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CenturyLink to pay $6.1 million to state after 650,000 customers hit with hidden fees

The AG's office says CenturyLink added charges to customer's bills without accurately disclosing those feeds to hundreds of thousands of Washingtonians.

SEATTLE — Washington State Attorney General Bob Ferguson announced that CenturyLink will pay $6.1 million to the state following a lawsuit accusing the internet and TV provider of deceiving customers.

Ferguson's office said that CenturyLink added additional charges to customer bills without accurately informing customers of those fees, impacting 650,000 Washingtonians.

“CenturyLink deceived consumers by telling them they would pay one price, and then charging them more,” Ferguson said. “Companies must clearly disclose all added fees and charges to Washingtonians.”

Nearly $900,000 of the money CenturyLink must pay will go directly to refunding customers for discounts they were promised but did not receive.

The remaining money will be set aside until a nationwide class-action suit filed against Century Link resolves.

RELATED: CenturyLink hit with class-action lawsuit over billing practices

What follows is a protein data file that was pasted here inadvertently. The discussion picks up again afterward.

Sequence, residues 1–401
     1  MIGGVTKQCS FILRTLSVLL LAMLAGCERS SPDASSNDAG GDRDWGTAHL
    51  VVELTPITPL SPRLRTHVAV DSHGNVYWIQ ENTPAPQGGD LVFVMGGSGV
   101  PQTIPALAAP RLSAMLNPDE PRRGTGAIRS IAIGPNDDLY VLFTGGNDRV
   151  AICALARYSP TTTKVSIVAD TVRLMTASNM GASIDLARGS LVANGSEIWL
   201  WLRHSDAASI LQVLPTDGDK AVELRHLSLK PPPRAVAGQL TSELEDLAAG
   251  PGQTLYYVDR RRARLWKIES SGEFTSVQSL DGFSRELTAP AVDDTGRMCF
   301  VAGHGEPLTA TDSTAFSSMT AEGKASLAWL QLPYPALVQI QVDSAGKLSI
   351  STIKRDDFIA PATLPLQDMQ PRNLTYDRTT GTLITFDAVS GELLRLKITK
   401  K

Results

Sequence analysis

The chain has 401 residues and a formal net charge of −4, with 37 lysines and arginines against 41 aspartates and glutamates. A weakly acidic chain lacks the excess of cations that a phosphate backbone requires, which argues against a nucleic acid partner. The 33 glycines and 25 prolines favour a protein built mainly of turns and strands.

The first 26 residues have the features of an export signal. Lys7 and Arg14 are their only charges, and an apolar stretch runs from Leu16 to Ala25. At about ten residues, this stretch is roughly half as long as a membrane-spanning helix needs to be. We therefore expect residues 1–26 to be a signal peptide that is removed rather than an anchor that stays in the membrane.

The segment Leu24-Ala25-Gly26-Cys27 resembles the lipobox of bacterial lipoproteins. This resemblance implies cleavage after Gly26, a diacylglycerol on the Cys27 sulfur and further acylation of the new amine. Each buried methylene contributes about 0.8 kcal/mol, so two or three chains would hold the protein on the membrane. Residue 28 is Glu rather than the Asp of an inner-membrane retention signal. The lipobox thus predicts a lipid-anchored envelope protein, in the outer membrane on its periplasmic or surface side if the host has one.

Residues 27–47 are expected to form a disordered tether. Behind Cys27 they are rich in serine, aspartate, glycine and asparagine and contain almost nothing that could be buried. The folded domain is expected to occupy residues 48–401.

Washington state began investigating CenturyLink in 2016 when it received complaints that customers' bills were actually more than the advertised price or higher than what they were promised by a sales representative. 

According to the Attorney General’s office, there were three main fees that CenturyLink did not disclose to customers:  a broadcast fee of $2.49 per month, a sports fee of $2.49 per month, and CenturyLink’s “Internet Cost Recovery Fee, ranging from $0.99 to $1.99 per month.

That Internet Cost Recovery Fee was charged to 650,000 Washingtonians. Of those, another 60,000 were also charged the broadcast and sports fees. These fees alone added up to $7 per month to a television subscriber’s bill — $84 per year.

As a result of the suit, CenturyLink is required to submit compliance reports to the Attorney General’s Office over the next three years and must retain all sales call recordings for two years.

Washingtonians who believe they have received bills that include undisclosed fees are encouraged to file a complaint with the Attorney General's office.

RELATED: CenturyLink held accountable for billing, service issues